instead of wirebonding to a metal frame its wired to a metal trace on a pcb

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chip on board, which is still used today is not that much different than placing a chip in a ... well chip

 

instead of wirebonding to a metal frame its wired to a metal trace on a pcb

 

These chips are NOT connected to the pcb in a well type connection THEY have each data line

connected with a small wire, they can all be seen using a loop.

 

EDIT After re-reading I think thats what you were describing :)

 

Additionally if you ever get a CHANNEL F game with the small round or square plastic covers like the

ones pictured on the EVALUATION carts pictured above, and the cover comes loose it will bounce around

in the closed cart and will most likely break some wire connections and cause the game to stop working.

 

Also the first type (square style cover) use little holes in the PCB that the black cover has small pins that

they press into and are much more secure than the ROUND covers that are just glued in place

 

EDIT:

LAST These plastic covered chips do not use any epoxy at all, the wires are open and accessible once the

small plastic cover is removed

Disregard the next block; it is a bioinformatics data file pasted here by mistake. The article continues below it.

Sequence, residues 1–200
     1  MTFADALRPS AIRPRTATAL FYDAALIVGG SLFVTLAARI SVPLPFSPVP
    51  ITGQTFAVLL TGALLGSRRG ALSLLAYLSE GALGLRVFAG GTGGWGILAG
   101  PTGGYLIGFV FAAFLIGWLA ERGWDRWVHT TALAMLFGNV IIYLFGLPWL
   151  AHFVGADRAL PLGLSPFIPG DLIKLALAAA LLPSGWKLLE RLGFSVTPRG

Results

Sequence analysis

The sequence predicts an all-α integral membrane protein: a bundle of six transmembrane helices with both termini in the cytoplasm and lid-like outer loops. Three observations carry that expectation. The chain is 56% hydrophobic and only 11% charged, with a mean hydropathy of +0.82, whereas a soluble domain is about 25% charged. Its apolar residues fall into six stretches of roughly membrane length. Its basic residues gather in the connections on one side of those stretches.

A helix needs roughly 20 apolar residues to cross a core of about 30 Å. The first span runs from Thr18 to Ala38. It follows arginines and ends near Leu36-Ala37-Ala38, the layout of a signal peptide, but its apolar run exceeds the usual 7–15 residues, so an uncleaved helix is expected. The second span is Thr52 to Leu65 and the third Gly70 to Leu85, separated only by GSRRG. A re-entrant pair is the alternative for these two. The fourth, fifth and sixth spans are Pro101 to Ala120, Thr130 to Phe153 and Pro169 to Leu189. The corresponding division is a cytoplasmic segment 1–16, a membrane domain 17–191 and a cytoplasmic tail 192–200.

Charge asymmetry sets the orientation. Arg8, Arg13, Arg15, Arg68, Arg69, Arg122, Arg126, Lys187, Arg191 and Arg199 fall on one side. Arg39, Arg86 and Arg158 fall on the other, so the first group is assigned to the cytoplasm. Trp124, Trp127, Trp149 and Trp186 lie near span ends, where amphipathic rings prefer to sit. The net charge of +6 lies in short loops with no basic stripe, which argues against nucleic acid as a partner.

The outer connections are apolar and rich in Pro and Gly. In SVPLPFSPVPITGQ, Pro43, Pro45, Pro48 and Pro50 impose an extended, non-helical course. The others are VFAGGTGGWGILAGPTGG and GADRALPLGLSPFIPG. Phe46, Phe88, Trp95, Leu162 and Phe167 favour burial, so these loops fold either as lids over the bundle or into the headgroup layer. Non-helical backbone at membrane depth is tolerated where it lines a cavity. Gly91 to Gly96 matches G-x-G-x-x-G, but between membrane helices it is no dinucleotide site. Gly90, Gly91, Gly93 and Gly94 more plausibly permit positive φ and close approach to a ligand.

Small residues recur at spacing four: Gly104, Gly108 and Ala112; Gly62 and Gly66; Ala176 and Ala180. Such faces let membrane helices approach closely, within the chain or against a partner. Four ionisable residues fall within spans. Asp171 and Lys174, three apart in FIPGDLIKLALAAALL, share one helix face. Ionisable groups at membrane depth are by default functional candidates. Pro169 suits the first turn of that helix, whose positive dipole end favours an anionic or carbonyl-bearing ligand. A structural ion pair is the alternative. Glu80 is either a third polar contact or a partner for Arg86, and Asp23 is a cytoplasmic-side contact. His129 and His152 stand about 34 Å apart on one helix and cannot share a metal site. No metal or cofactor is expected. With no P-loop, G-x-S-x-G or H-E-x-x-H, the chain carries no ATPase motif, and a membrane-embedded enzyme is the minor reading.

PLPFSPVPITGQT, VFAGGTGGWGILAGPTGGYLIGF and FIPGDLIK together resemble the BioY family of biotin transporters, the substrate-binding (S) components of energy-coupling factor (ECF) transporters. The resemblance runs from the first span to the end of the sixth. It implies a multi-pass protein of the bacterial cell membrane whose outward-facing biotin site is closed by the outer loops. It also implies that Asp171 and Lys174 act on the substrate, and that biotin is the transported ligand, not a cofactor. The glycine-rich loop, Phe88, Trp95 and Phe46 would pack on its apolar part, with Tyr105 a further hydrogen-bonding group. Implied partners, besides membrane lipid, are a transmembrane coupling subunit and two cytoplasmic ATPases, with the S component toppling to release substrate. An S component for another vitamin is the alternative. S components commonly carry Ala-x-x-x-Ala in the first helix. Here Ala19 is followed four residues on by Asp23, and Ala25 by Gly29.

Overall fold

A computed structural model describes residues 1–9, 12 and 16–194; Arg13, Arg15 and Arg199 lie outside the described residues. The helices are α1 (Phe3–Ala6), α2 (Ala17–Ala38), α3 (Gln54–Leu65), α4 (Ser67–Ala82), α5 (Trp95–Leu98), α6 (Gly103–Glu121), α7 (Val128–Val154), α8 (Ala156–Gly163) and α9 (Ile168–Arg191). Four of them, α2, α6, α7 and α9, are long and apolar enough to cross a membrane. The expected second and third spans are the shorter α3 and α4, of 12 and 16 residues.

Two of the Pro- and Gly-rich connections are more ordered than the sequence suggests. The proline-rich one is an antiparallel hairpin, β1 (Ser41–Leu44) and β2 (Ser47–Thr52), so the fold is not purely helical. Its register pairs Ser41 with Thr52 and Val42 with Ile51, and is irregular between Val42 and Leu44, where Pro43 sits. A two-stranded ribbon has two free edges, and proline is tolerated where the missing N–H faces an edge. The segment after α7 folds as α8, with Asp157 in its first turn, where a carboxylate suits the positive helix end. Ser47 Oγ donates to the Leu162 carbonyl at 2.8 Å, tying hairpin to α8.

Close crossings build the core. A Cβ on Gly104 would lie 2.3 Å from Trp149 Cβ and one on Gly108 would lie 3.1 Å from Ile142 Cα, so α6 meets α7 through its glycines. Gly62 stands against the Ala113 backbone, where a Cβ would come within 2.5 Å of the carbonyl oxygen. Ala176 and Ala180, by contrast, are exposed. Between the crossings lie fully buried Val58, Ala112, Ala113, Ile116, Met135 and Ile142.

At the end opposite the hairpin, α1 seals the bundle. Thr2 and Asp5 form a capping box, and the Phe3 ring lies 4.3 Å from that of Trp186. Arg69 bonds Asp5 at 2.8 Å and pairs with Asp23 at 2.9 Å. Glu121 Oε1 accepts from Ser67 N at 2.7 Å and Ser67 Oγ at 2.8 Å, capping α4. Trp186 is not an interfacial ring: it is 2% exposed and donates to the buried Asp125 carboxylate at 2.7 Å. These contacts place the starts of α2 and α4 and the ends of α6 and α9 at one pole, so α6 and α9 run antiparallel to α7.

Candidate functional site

Edited by FND

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Amazing! Congratulations! :-)

 

 

Also not sure what the N / R hand written on the DEMO CARTRIDGE. Maybe Not Released or possibly something

to do with TESTING like maybe the R stands for Repair ? In any event I tested them all and all work perfectly

 

Maybe "No Resale"?

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Amazing! Congratulations! :-)

 

 

 

Maybe "No Resale"?

 

Nice Guess, that one did not occur to me. What went through my mind originally was

"Needs Repair" but thankfully it works just as it should

 

BTW I was a little bored and put this together as an example of the Time Line according to the

PCB development, Also have some links to my DATA Base of all date codes found on cart covers

 

Here is a link to the NUMBER 1 Dates (never finished it still have many more to enter)

http://fndcollectables.com/CHANNEL_F_INFO/U_S_/Board_Dates/CART__1/cart__1.html

 

pcb_time_line_4.jpg

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These chips are NOT connected to the pcb in a well type connection THEY have each data line

connected with a small wire, they can all be seen using a loop.

 

EDIT After re-reading I think thats what you were describing :)

 

yea even in most chips its still a small wire going from package leads to chip

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All these years and I just noticed something

 

COULD the FOOTBALL board also contain the SLOT MACHINE & CHECKERS Games ?

 

NOTICE the bottom right corner of my picture above of all the PCBs and notice the
Slot Machine & Checkers are contained on the same game, JUST need to switch the jumper.

BUT just noticed the FOOTBALL game PCB Looks the same and the jumper is attached to a different
hole ?

 

NO JUMPER for SLOT MACHINE
TOP JUMPER for CHECKERS
BOTTOM JUMPER for FOOTBALL